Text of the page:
Is there something that was not addressed in Wes Craven’s 1977 original that is in this remake, also produced by Craven and directed by Alexandre Aja? I have not watched the original but, if it is even remotely like the movie I have just seen, I’m certain I can go an entire lifetime without having viewed it. “The Hills Have Eyes” is touted as a horror film but I think it belongs in a narrower subgenre populated mostly by directors who seem preoccupied with the need to outdo each other’s grotesque sensibilities.
The premise is exceptionally simple: The Carter family and their son-in-law are traveling through New Mexico on their way to vacation in California. Their truck and trailer get bashed up when they run over a trap on a backroad shortcut which was suggested by a gas station attendant in the middle of nowhere. Stranded, they attempt to make the best of the situation only to discover they’re being watched. The watchers are the mutated offspring of a couple irradiated by atomic tests. The mutated humans bear obvious resentment and hatred toward anyone who enters the area near the mine into which they’ve retreated. This is about as much motivation as Craven apparently thought the characters needed to resort to varying acts of disgusting violence and cannibalism.
Like “Wolf Creek,” I find absolutely no artistic merit whatsoever in this film. The structure of the very slasher genre for which Craven is credited with establishing is repeated here with startling inanity: A group of people are stranded by what seems like an accident. They’re watched by voyeurs waiting to do bad things to them. They’re picked off one by one. If the film contains no stars, then either everyone is massacred or a sole survivor emerges. If the film was cast to have, inexplicably, a romantic lead couple to increase the studio’s figures, then the couple will survive â€” especially if they’re popular film stars. There’s nothing new introduced here, except perhaps the greater magnitude of orgiastic gore and the absence of the campy humor and deaths so visually absurd, so common in modern slasher films, that prevent the viewer from identifying each victim’s suffering as even remotely plausible.
Suffice it to say that the film reached a point of lurid obsession far exceeding the prurient interest such that a dozen or so people walked out. Ask yourself: How offensive does a film have to be for people to bail out on a FREE screening? That’s how terrible this film is.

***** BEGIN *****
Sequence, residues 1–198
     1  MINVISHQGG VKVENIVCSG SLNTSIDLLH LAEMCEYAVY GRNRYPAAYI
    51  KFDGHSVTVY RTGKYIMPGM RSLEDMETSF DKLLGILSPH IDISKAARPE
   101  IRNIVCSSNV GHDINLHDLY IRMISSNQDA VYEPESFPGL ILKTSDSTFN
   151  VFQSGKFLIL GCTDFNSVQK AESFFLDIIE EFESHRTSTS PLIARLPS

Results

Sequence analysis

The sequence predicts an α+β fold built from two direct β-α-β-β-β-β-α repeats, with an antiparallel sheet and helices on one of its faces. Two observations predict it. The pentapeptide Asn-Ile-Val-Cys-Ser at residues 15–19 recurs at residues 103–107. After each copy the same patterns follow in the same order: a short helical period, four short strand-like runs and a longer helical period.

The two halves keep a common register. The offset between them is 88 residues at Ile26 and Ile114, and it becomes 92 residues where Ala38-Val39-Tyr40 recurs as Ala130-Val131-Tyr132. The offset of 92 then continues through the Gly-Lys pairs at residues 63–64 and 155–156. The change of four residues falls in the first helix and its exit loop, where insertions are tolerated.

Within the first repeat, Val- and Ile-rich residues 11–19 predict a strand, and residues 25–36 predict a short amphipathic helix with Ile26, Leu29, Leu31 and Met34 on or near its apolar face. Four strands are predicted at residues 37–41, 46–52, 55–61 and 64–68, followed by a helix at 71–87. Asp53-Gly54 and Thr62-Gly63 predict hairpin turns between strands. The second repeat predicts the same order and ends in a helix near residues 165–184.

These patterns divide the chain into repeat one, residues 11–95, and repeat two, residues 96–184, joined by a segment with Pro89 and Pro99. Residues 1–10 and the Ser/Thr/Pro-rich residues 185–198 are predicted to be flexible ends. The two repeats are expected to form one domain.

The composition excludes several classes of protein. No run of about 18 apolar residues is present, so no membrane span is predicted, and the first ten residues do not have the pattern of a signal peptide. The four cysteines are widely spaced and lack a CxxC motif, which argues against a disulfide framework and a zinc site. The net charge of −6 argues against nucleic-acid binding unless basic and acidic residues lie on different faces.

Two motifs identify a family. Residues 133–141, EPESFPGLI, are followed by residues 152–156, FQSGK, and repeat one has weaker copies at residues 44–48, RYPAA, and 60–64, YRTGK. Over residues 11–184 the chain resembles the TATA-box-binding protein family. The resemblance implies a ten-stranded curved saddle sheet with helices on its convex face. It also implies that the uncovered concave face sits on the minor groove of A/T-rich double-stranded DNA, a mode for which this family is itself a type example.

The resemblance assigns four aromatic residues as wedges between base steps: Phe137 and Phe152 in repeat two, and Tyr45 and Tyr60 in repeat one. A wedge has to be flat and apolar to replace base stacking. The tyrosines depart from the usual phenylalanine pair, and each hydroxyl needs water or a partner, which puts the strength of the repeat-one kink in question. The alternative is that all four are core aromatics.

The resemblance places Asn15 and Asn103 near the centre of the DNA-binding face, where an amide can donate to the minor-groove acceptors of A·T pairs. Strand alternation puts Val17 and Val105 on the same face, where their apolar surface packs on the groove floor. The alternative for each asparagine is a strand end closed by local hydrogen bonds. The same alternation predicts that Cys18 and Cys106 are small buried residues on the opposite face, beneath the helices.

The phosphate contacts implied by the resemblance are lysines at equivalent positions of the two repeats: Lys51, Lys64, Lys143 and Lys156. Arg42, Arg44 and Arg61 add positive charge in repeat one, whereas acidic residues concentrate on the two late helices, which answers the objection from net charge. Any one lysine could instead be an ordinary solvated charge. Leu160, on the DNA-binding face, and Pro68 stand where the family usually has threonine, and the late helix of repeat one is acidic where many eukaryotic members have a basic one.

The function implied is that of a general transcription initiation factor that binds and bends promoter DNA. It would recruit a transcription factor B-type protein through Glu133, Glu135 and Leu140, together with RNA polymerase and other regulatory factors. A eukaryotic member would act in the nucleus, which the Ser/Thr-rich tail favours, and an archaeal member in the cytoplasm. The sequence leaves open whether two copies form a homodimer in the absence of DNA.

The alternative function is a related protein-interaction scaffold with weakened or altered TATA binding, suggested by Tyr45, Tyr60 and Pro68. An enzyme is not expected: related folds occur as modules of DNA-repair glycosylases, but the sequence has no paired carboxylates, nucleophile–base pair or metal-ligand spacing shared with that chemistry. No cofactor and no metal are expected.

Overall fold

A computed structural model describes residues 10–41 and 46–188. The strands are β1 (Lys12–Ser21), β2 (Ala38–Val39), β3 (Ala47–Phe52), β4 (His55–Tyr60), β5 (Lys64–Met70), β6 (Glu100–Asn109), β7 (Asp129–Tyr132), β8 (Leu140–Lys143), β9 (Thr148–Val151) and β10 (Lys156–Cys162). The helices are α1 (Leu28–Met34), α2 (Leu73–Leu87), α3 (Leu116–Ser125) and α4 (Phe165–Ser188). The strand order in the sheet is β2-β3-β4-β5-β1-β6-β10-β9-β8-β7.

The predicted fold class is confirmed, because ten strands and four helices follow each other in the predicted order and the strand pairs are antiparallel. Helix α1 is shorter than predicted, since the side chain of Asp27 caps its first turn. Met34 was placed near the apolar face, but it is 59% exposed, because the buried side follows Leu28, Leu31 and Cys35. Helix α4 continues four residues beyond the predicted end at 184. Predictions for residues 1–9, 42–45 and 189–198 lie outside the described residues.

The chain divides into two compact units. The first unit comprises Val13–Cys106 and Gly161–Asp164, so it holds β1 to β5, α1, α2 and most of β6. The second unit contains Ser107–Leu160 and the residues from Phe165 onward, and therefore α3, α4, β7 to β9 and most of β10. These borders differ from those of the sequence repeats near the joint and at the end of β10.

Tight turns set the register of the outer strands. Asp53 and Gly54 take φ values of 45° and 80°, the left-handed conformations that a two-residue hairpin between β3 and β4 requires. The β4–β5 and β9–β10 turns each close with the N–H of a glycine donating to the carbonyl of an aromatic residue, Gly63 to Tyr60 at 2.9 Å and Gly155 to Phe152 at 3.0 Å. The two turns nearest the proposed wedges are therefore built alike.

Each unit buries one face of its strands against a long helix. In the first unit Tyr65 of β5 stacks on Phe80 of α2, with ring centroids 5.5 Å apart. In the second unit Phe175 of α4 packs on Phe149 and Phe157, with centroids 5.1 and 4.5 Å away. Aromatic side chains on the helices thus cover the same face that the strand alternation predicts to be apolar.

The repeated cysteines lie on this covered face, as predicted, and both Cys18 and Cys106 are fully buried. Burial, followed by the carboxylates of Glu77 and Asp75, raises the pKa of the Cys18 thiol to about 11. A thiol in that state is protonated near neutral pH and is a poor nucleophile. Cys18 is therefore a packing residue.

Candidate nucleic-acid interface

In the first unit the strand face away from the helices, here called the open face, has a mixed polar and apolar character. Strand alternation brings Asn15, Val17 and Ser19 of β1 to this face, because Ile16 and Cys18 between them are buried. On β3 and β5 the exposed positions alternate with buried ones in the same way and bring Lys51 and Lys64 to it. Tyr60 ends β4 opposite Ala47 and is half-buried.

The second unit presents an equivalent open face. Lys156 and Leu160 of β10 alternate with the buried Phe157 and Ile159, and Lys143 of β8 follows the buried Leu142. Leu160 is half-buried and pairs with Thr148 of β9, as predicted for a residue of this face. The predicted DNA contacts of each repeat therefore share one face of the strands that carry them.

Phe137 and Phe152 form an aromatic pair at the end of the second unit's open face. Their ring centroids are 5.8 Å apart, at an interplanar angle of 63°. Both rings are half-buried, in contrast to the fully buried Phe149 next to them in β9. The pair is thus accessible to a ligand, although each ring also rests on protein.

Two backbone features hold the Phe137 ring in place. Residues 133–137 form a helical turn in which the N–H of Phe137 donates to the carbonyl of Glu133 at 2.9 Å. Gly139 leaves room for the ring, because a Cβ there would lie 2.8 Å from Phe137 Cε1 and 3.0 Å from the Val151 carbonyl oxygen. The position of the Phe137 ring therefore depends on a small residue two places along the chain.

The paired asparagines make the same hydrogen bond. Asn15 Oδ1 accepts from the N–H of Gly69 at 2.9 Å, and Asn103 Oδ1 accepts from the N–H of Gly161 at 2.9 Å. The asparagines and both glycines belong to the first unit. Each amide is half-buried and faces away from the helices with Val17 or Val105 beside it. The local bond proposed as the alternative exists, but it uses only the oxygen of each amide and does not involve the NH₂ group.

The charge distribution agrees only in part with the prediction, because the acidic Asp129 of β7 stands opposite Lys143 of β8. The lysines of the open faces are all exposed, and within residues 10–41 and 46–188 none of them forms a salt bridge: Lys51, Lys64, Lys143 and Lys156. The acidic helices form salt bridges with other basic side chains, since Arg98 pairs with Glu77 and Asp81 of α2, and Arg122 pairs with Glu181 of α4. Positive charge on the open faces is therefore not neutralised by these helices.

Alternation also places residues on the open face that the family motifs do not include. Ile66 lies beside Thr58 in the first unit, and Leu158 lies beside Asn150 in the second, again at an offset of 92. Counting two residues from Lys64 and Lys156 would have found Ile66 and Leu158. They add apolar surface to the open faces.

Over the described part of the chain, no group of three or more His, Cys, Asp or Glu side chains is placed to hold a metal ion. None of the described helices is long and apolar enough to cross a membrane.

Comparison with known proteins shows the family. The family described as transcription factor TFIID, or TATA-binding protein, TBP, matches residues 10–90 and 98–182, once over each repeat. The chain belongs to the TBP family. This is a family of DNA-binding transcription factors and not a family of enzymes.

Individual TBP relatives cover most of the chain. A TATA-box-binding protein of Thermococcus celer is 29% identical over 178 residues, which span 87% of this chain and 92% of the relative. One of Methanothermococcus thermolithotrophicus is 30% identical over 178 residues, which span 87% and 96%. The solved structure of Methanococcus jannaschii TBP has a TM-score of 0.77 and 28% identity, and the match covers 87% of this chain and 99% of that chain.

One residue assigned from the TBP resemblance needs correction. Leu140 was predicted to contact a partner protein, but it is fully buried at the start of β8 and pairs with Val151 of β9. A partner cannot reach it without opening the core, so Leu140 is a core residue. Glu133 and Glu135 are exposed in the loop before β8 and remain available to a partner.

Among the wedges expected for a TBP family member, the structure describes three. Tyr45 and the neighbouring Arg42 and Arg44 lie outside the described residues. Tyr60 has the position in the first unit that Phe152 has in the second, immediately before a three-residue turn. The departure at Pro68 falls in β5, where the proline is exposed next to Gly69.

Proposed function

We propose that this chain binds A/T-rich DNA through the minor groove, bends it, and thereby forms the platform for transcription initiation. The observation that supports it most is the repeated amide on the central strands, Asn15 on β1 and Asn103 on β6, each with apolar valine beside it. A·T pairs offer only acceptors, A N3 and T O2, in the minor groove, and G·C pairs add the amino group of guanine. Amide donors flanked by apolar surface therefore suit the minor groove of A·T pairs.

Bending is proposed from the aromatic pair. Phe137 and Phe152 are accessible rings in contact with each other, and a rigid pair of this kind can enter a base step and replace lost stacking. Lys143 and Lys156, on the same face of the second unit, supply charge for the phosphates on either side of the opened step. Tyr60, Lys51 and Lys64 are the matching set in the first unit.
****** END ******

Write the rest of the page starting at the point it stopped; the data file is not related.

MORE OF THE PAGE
The scenes that people had the greatest displeasure with (and that’s putting it exceedingly mildly) were extraordinarily misogynistic in nature. Have you ever noticed how in borderline snuff-horror the camera dwells most on the torture and suffering of beautiful women? I was previously wondering the same thing watching “Wolf Creek.” In both movies, not even a tenth of the time is devoted to the humiliation, terrorizing and agonizingly slow maiming of male victims. I suspect it’s because the violence as a power game is employed by these directors with an almost sexual fervor â€” and to infer such sexuality exists between the director and the characters they exploit for sadomasochistic titillation would imply a degree of homosexuality they wish to avoid being associated with. While that’s not necessarily the definition of homophobia, it certainly exceeds the minimum standards of defining bigotry and chauvinism.
If there is any kind of message in the film it must be that deformity equals evil. Just to be sure I wasn’t generalizing, I found a built-in proof: Gradients of depravity. The Carter family member capable of the most violence, in retaliation to the mutants, is the one who is already established as demonstrably more selfish than the others. You know how you can tell who the mysteriously benevolent deus ex machina of the mutated family is? She’s less deformed than the others. There’s always a feeble kind of morality play inherent in horror: e.g. Sex and drugs at camp will get you killed, scientific “tampering with nature” is amoral and therefore evil, ugly people are bad, etc. One could deconstruct almost every horror film as a PSA for Focus on the Family.
Aja so relentlessly hammers the audience that by the time the hero shot comes along the audience is either too depressed, too offended or simply too desensitized to the barrage of violence to even care that someone made it out alive. To describe this film as “pornographically violent” is an affront to pornography. There’s no psychological, intellectual, dramatic or aesthetic gain enjoyed by the audience. The ending is an insulting put-on… Why even waste the celluloid attempting to have an uplifting conclusion in a film so intentionally repugnant? The audience has already checked out by the time the mother watches her eldest daughter defiled in ways I won’t describe so as to not sensationalize or further publicize a movie so utterly worthless as this.
The Hills Have Eyes â€¢ DolbyÂ® Digital surround sound in select theatres â€¢ Aspect Ratio: 2.35:1 â€¢ Running Time: 107 minutes â€¢ MPAA Rating: R for strong gruesome violence and terror throughout, and for language. â€¢ Distributed by Fox Searchlight Pictures